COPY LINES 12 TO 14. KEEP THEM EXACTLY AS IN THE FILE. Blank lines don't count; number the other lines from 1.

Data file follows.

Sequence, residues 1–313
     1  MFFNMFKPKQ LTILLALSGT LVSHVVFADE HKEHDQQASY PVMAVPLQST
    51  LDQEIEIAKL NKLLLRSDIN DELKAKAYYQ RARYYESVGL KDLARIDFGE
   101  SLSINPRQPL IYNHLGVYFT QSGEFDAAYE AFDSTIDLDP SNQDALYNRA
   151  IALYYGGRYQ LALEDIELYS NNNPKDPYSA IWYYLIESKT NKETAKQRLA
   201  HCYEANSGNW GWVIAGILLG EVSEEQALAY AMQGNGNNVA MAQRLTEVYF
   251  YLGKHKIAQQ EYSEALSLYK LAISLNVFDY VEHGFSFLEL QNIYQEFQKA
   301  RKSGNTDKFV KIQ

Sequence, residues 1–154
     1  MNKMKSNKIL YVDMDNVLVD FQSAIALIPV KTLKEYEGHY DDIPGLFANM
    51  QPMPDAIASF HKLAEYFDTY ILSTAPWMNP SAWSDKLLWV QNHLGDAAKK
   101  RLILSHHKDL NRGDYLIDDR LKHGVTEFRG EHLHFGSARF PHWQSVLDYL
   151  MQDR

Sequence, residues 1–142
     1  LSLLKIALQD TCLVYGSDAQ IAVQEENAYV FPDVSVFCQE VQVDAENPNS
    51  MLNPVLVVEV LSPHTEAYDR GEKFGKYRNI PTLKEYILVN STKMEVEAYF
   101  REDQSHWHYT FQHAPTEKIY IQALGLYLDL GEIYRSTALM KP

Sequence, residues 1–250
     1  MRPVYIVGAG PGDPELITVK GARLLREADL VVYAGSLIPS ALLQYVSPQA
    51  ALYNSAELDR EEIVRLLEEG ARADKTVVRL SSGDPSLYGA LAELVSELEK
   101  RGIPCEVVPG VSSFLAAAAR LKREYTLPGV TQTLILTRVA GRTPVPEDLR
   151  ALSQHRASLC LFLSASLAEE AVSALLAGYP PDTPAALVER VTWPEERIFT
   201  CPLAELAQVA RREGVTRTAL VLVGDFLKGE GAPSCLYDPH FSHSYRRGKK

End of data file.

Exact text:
   101  RLILSHHKDL NRGDYLIDDR LKHGVTEFRG EHLHFGSARF PHWQSVLDYL
   151  MQDR

Sequence, residues 1–142